Saving programs have emerged, and some advocates now claim that deposit services deserve claim to being the most fundamental need for poor families – and for the poorest specifically. But the picture developed by Collins et al (2009) pushes against that view. We argue that a range of financial devices are sought and used together, with different degrees of substitution and complementarity. None have clear primacy . . . 

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Is SME finance an alternative strategy to microfinance?

If micro-businesses tend to stay micro, perhaps there are better options?  Critics of the hoopla around microcredit suggest that job creation is better done by larger enterprises (e.g., Karnani 2007). The rush to support small and medium enterprises (SMEs) has been given attention by the G-20 countries and is tied in part to the idea that SMEs can contribute to the goal of poverty reduction by employing low-skilled workers. But can they? It’s an empirical question which has been met with little evidence so far.

Bauchet and Morduch investigate data on the employees of SMEs supported by BRAC Bank in Bangladesh. Their conclusion is that these employees are far more educated and skilled than microcredit borrowers; in line with this, SME employees come from households that are considerably less poor on average. And they tend to be men, while microcredit borrowers in Bangladesh are mainly women. In sum, the two groups – SME employees and microcredit borrowers – look very different in the Bangladesh surveys. Will these kinds of results hold up elsewhere, particularly in Latin America and Eastern Europe where the gender and education profiles of microcredit borrowers is different from that in South Asia?

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Why do so many micro-businesses stay micro?

In the large microfinance markets of Asia, a common but seldom-discussed observation is that the microenterprises nominally tied to microcredit borrowing rarely grow substantially, especially after the first few years. There are many possible reasons to explain this, including borrowers’ simple lack of imagination, lack of management capacity, low profitability at scale, limited ability to hire trusted workers, risk aversion, lack of access to sufficient capital for productive growth investments, poor policy environments, and insufficient access to larger markets. 

What role do financial institutions play? Making microcredit loans more flexible may help – though microfinance institutions worry that being more flexible may increase risk and costs. The lack of growth may also be due to competing household needs like childcare. Even if financial access makes a big impact at first, the long-run impact hinges on the extent of continuing gains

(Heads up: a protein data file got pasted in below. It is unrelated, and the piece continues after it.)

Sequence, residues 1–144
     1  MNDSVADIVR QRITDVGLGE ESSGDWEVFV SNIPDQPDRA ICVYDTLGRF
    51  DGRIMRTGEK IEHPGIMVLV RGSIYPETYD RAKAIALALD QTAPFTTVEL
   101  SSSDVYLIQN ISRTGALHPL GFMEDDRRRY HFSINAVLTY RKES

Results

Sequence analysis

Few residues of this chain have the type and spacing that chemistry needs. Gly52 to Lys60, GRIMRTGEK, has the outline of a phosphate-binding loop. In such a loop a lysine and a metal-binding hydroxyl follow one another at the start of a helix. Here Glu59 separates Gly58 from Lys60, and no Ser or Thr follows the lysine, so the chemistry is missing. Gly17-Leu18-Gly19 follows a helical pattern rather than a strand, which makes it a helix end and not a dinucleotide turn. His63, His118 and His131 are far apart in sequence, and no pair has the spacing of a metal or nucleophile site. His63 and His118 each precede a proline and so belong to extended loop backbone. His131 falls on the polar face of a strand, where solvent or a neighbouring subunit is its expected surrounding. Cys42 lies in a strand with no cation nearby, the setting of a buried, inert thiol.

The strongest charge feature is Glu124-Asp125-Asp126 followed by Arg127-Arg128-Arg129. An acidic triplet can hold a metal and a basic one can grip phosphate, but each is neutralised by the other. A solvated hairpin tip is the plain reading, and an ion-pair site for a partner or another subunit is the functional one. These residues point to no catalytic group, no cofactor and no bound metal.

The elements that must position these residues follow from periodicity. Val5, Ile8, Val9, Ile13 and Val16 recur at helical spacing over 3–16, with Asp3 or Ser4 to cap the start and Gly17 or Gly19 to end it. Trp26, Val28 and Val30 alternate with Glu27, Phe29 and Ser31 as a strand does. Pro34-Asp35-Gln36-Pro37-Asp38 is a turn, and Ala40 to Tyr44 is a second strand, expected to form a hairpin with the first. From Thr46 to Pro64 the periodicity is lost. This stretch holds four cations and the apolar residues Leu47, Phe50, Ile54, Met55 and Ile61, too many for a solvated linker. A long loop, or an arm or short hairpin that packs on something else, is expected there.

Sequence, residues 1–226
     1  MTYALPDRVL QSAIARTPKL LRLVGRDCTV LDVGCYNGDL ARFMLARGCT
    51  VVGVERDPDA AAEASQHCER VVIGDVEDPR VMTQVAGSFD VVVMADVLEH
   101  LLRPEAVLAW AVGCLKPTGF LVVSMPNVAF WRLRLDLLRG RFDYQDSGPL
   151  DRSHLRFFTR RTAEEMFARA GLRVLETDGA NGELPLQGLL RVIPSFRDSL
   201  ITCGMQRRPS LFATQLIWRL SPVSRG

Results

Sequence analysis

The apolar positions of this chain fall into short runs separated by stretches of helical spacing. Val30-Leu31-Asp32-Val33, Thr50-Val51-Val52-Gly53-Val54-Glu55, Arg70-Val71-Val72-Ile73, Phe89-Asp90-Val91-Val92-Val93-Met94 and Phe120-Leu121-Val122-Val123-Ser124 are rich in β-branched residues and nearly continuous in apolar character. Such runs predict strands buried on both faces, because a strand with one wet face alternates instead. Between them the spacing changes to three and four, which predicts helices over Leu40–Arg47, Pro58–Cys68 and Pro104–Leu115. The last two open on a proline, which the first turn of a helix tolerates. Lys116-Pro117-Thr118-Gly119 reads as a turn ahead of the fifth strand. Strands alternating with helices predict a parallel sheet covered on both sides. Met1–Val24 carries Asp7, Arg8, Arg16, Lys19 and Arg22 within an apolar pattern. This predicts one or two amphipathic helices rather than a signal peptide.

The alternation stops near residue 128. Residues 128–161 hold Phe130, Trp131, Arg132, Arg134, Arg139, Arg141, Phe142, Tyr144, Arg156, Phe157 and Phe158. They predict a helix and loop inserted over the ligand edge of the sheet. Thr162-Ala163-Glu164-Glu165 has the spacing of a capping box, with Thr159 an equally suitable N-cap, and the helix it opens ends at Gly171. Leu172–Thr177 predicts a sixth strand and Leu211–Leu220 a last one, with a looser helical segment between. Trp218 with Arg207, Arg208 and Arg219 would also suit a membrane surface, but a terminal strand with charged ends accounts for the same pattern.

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How much does Consumption Smoothing Contribute to the Welfare of Families?

Last week, FAI asked:  Does financial access--evaluated in typical settings with a long enough time horizon to see change--substantially improve the well-being of customers? Today, the series continues to probe for insights into the questions we need to ask in order to  make informed decisions on how to improve financial access.

Question 2: How much does consumption smoothing contribute to the welfare of families?

There are clear theoretical linkages between consumption smoothing, financial access, and improved wellbeing. Modern economics is built around the premise that households seek to maximize utility, not income.  A core economic task of a household, rich or poor, is matching the availability of resources with the timing of consumption needs. This task is especially burdensome for poor households who have to piece together uneven cash flows using a handful of imperfect financial tools. A key role of access to predictable, reliable and convenient financial services is thus be to smooth consumption . . . 

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Ten Research Questions on Improving Financial Access

High quality evidence on the state of financial access around the world is advancing rapidly. A happy consequence of increasing knowledge is the ability to better recognize what we don’t yet know. Today, FAI is launching a series on the ten questions, some micro, some macro, that need answers if we are to make informed decisions on how to improve financial access. These questions will be available as a framing note at the end of the series on the FAI site and later as part of a collection of studies to be published in a forthcoming book.

Question 1: Does financial access--evaluated in typical settings with a long enough time horizon to see change--substantially improve the well-being of customers? 

The most fundamental, unresolved question concerns impact. Does expanding financial access really make a notable difference to families and communities? And, if so, how and when?